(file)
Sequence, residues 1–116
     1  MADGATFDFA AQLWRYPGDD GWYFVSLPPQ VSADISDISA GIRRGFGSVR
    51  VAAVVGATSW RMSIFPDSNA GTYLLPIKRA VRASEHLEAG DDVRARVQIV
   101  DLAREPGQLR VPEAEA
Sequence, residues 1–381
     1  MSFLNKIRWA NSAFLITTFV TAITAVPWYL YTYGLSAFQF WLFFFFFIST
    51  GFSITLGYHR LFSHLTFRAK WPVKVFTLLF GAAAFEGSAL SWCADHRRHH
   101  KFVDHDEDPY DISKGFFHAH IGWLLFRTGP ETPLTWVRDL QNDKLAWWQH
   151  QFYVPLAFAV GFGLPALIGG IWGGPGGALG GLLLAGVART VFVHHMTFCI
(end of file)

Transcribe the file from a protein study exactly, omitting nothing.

Sequence, residues 1–116
     1  MADGATFDFA AQLWRYPGDD GWYFVSLPPQ VSADISDISA GIRRGFGSVR
    51  VAAVVGATSW RMSIFPDSNA GTYLLPIKRA VRASEHLEAG DDVRARVQIV
   101  DLAREPGQLR VPEAEA
Sequence, residues 1–381
     1  MSFLNKIRWA NSAFLITTFV TAITAVPWYL YTYGLSAFQF WLFFFFFIST
    51  GFSITLGYHR LFSHLTFRAK WPVKVFTLLF GAAAFEGSAL SWCADHRRHH
   101  KFVDHDEDPY DISKGFFHAH IGWLLFRTGP ETPLTWVRDL QNDKLAWWQH
   151  QFYVPLAFAV GFGLPALIGG IWGGPGGALG GLLLAGVART VFVHHMTFCI